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June 6, 1996


The opinion of the court was delivered by: STANTON

Opinion and Order

 In this criminal case defendant Nicholas Rudi, a former financial consultant in New Jersey to the Camden County Municipal Utilities Authority ("CCMUA"), was charged with obtaining a kickback from First Fidelity, N.A., a lead underwriter on a public offering of CCMUA bonds in 1990 (the "Bond Issue"). At the close of the government's case, he moves for dismissal of count five of the indictment. Both sides agree there is no legal authority directly in point.

 From the evidence one could conclude that First Fidelity surreptitiously paid Rudi the difference between the much larger fee he had received in the past for his work on CCMUA bond issues--one dollar per $ 1000 face amount issued (or "a buck a bond")--and the $ 15,000 he was entitled to receive from the CCMUA under a new and different fee arrangement made in 1989.

 First Fidelity paid to Rudi, through intermediaries, over $ 200,000 under the kickback arrangement. Count five has nothing to do with that payment.

 After the 1990 Bond Issue had closed, the First Fidelity officer who had made the earlier payment mistakenly thought that Rudi was owed an additional $ 22,000 under the kickback agreement. To justify that, about two months after the closing Rudi sent First Fidelity a false invoice (the "Invoice"), purportedly for work connected with an entirely unrelated bond issue in which he had not participated, and First Fidelity paid him the additional $ 22,000. Thus, First Fidelity's records regarding that payment misrepresented its nature and purpose.

 Count five of the indictment charges Rudi with aiding and abetting First Fidelity's violation of section 15B(c)(1) of the Exchange Act of 1934 with respect to the $ 22,000 payment.

 Section 15B(c)(1) provides:


No broker, dealer, or municipal securities dealer shall make use of the mails or any means or instrumentality of interstate commerce to effect any transaction in, or to induce or attempt to induce the purchase or sale of, any municipal security in contravention of any rule of the [Municipal Securities Rulemaking] Board.

 15 U.S.C. ยง 78o-4(c)(1).

 Thus, the issue is whether the misrecording of that payment is criminally chargeable because the Bond Issue transaction, which was effected or induced by use of the mails, contravened a rule of the Municipal Securities Rulemaking Board ("MSRB"). Its Rule G-8, referred to in count five, requires every broker, dealer and municipal securities dealer to make and keep clear and accurate records of all receipts and disbursements of cash with respect to transactions in municipal securities, and reconciliations of profits and expenses of syndicate transactions. Rule G-8(a)(i) and (b), MSRB Manual (CCH) 3651, 3653 (March 1996).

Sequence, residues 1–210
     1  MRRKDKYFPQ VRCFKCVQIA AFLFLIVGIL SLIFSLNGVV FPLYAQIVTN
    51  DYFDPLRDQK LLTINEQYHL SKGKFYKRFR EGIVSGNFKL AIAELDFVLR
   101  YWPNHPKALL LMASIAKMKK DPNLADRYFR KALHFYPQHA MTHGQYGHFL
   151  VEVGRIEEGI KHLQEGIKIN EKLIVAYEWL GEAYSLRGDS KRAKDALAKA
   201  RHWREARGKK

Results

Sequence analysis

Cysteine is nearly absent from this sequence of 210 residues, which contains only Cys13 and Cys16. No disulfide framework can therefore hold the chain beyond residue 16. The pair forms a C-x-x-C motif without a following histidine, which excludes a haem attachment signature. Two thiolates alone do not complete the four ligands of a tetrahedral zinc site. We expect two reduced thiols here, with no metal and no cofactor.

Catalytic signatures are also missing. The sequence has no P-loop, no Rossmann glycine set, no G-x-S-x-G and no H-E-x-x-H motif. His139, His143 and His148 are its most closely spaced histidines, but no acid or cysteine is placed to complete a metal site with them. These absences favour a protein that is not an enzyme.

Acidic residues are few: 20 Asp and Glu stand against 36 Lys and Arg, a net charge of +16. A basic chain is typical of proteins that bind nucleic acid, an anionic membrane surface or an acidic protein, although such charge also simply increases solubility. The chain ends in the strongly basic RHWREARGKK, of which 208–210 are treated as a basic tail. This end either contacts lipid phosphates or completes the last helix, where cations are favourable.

In short, the charge is that because the records concerning the $ 22,000 payment violate the MSRB rules, the Bond Issue was effected in violation of the statute.

  The government makes the plausible argument that bond transactions like the one at issue here are routinely followed by post-closing balancing payments, adjustments of accounts and financial statements, whose accuracy is so germane to the transaction itself that if the records are false the whole transaction is tainted, the statute is invoked, and a crime committed. It also argues, less plausibly, that no functional connection with the transaction need be shown, as long as the records were inaccurate. It is hard to see where that approach would stop short of making every erroneous record a felony, unless some reasonable proximity to the transaction itself is required.

 Here, the $ 22,000 payment was no more than an afterthought, only accidentally a part even of the fraudulent scheme. To say it brought the whole Bond Issue into violation of the rules puts things backwards. The Bond Issue itself was neither effected nor induced in contravention of the rules regarding recordkeeping with respect to the $ 22,000 payment. The $ 22,000 payment records are too remote and peripheral to justify holding that the Bond Issue contravened the MSRB's rules. Although such arguments may be given scope in civil proceedings under the securities laws, the proximity must be more rigorously examined in criminal cases.

 United States v. Wolfson, 269 F. Supp. 621 (S.D.N.Y. 1966), cited by the government, illustrates the other side of the issue. There jurisdiction rested on confirmations, sent to the parties, reflecting the very purchases and sales of the securities. They formed an integral part of and were necessary to the transactions themselves. See id. at 624-25.

 The point is not whether it was before or after the closing that the false Invoice was sent or the record entry made, but that their relationship to the Bond Issue transaction is not close enough to support criminal liability under section 15B(c)(1).

 Accordingly, count five of the indictment is dismissed.

 Dated: New York, New York

 June 6, 1996


 U. S. D. J.


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